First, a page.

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LEON COHEN ET AL. v. INTERNATIONAL ORGANIZATION MASTERS (03/31/77)

decided: March 31, 1977.

LEON COHEN ET AL.
v.
INTERNATIONAL ORGANIZATION MASTERS, MATES & PILOTS, INTERNATIONAL MARINE DIVISION OF ILA, AFL-CIO, ET AL. APPEAL OF ROBERT J. LOWEN



Appeal From an Order of the Court of Common Pleas, County of Philadelphia, at September Term, 1975, No. 1468, Dated May 11, 1976. No. 1777 October Term, 1976.

COUNSEL

Melvin Alan Bank, Philadelphia, for appellants.

Joseph N. Bongiovanni, III, Philadelphia, for appellees.

Watkins, President Judge, and Jacobs, Hoffman, Cercone, Price, Van der Voort and Spaeth, JJ.

Author: Hoffman

[ 247 Pa. Super. Page 84]

Appellant contends that the lower court erred in failing to grant his motion to set aside the purported service of process upon him. We agree and, therefore, reverse the order of the lower court and dismiss the complaint.

On September 11, 1975, appellees, four individuals, instituted a libel action against the International Organization

[ 247 Pa. Super. Page 85]

    of Masters, Mates, and Pilots, International Marine Division of International Longshoremen's Association, AFL-CIO, and four individual defendants, including appellant, in the Court of Common Pleas of Philadelphia. Appellees named appellant as author of the allegedly libellous article. Appellees served process upon the defendant union on September 19, 1975, but did not make service of the original summons upon the four individual defendants. On October 28, 1975, appellees filed a praecipe to reissue the summons; the summons was reissued on the same date. On October 31, 1975, the Philadelphia Sheriff, acting under instructions from appellees' counsel, served the four individual defendants by handing copies of the reissued summons to the person in charge of the International Longshoremen's Association's Offshore Division union office in Philadelphia.*fn1 On November 28, 1975, the four individual defendants, including appellant, filed motions to set aside the service of process.*fn2 Appellant attached an affidavit to his motion stating that he was Secretary-Treasurer of the defendant-union, resided in California, maintained offices in New York City, never maintained offices in Pennsylvania or authorized service of process there, and was never personally served with process. The three other individual defendants asserted that they did not maintain offices or reside in Pennsylvania nor were they officers of the union. On May 12, 1976,

[ 247 Pa. Super. Page 86]

    the lower court denied appellant's motion to set aside the purported service of process and ordered appellant to file an answer to the complaint within thirty days. The court granted the motions of the other three individual defendants because they were not union officers. The lower court held that Pa.R.C.P. 1009(b)(2)(iii); 42 Pa.C.S. § 1009(b)(2)(iii), permits service upon a non-resident officer of a national or international union by leaving a copy of the complaint with a person in charge of any local union office in Pennsylvania. This appeal followed.*fn3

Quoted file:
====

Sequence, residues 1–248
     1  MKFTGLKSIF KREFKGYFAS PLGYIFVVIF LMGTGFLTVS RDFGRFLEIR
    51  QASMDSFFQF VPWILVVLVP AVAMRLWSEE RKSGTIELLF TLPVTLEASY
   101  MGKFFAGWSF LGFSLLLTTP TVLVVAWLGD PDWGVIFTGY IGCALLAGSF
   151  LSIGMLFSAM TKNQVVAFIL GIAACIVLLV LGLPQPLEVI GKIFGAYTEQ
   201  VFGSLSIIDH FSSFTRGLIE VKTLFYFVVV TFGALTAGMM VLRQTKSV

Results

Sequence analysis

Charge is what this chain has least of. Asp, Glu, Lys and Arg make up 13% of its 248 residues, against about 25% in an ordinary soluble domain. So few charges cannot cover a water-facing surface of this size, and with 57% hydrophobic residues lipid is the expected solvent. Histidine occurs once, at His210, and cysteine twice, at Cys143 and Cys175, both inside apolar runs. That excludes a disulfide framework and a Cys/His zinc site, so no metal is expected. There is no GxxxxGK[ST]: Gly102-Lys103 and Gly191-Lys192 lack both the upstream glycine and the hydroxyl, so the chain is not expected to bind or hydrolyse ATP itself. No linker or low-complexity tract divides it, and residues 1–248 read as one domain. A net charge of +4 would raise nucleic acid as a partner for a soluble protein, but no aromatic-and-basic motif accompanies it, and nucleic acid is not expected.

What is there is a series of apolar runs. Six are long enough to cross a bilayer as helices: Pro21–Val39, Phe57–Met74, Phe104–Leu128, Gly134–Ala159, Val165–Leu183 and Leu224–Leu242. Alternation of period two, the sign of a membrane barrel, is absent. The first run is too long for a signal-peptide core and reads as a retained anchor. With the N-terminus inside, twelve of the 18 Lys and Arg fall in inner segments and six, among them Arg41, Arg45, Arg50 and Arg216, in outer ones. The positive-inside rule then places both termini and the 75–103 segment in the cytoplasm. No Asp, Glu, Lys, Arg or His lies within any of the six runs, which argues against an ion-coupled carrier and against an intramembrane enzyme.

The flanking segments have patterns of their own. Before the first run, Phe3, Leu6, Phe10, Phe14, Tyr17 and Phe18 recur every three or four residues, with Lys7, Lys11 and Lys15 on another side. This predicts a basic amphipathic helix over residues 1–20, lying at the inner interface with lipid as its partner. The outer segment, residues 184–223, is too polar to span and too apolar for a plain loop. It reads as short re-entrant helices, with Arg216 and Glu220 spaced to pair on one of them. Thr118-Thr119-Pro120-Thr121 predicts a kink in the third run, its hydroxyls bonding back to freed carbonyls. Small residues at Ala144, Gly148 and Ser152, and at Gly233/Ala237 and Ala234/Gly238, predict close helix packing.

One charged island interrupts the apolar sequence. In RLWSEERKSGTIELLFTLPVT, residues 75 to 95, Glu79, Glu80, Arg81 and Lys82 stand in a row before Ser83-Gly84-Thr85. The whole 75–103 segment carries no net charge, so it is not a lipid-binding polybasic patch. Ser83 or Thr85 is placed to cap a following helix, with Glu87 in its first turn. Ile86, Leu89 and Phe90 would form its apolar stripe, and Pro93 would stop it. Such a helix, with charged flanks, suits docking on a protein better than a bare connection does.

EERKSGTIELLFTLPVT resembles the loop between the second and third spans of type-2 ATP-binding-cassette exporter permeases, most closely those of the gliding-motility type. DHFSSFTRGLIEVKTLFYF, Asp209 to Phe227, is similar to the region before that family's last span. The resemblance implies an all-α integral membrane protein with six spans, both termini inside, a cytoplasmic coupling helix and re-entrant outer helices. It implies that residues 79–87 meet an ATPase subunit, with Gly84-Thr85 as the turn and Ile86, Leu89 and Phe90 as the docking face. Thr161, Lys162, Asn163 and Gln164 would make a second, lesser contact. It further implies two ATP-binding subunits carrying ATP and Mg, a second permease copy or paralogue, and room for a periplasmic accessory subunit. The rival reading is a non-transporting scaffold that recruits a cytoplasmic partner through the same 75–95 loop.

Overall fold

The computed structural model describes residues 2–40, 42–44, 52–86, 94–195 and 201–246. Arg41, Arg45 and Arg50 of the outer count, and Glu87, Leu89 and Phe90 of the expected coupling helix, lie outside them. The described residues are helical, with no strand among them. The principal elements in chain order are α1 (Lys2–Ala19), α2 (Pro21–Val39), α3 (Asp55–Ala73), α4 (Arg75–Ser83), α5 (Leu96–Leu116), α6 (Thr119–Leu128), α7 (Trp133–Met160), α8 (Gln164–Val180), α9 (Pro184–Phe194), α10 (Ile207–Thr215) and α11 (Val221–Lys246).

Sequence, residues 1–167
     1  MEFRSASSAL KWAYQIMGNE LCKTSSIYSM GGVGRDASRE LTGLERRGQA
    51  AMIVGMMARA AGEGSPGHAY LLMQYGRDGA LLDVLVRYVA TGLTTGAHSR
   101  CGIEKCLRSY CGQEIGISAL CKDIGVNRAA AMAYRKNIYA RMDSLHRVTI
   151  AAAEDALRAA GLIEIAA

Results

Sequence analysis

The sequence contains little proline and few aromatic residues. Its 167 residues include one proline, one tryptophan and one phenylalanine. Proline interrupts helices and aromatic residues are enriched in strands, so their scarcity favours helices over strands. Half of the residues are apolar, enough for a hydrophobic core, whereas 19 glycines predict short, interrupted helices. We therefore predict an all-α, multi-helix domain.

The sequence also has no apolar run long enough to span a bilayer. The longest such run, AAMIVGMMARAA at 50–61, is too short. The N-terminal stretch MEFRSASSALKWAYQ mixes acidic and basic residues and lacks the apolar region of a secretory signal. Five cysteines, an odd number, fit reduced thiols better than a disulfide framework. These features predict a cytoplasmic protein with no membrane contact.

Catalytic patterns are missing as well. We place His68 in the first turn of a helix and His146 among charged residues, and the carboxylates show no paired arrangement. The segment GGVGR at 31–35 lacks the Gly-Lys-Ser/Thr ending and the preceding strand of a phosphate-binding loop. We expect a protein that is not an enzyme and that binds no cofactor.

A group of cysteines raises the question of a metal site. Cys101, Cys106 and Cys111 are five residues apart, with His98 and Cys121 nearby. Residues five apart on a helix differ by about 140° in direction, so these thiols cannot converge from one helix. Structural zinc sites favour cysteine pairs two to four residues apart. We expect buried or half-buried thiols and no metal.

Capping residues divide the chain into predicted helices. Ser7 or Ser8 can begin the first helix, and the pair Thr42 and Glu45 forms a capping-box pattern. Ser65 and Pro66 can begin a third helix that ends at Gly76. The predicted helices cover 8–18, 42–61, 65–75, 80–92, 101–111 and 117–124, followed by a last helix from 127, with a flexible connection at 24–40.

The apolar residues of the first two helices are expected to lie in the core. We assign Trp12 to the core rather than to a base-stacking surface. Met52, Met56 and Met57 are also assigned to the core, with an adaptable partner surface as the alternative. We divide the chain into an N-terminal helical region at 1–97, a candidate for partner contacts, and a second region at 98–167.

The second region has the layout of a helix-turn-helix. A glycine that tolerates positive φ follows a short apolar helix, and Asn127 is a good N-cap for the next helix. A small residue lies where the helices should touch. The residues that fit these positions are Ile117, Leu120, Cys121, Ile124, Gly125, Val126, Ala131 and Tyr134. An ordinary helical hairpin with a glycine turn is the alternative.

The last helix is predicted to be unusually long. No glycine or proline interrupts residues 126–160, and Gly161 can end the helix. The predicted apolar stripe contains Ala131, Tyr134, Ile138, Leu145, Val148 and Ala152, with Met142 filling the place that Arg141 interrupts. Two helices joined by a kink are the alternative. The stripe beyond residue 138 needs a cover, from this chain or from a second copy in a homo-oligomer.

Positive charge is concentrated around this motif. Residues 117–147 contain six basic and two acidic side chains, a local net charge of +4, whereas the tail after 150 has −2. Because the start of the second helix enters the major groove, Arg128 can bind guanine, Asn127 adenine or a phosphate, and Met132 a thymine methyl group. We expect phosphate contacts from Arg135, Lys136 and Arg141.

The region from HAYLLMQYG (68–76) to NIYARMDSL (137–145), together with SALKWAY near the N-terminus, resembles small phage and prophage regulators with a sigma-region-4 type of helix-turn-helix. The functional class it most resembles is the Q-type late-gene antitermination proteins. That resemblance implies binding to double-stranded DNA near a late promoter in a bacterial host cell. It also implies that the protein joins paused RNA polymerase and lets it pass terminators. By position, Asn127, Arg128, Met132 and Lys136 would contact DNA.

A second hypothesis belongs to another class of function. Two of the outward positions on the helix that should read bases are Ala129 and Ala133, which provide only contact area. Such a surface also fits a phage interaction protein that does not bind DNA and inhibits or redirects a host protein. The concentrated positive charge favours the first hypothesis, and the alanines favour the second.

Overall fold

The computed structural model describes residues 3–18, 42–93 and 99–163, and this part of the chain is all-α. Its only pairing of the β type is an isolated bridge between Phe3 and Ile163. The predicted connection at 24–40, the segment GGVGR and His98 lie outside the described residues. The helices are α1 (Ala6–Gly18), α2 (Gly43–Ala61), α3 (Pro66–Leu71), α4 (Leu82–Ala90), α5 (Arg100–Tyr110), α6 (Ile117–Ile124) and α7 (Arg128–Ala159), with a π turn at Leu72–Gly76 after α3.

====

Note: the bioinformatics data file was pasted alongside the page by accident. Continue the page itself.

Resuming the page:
Rule 1009(b)(2)(iii), supra, provides that an individual defendant may be served by handing a copy of the complaint "at any office or usual place of business of the defendant to his agent or to the person for the time being in charge thereof." The Supreme Court has stated that: "When Rule 1009(b)(2)(iii) refers to an office or place of business 'of the defendant,' it requires that the defendant have more proprietary responsibility and control over the business than that possessed by the average employee. See generally, Sharp v. Valley Forge Medical Center, 422 Pa. 124, 221 A.2d 185 (1966); Branch v. Foort, 397 Pa. 99, 152 A.2d 703 (1959)." Pincus v. Mutual Assurance Co., 457 Pa. 94, 99, 321 A.2d 906, 910 (1974). See also, Goodrich-Amram 2d, Procedural Rules Service with Forms, § 1009(b): 2 (1976). Appellees seek to recover damages from appellant personally, as author of the allegedly libellous article. Therefore, we must determine whether appellant personally possessed sufficient proprietary responsibility and control over the local Philadelphia union office to make it an office or usual place of business of appellant as an individual for purposes of Rule 1009(b)(2)(iii).

Appellees direct our attention to Pincus v. Mutual Assurance Co., supra. In Pincus, shareholders instituted a class action against a corporation and its directors alleging that the ...


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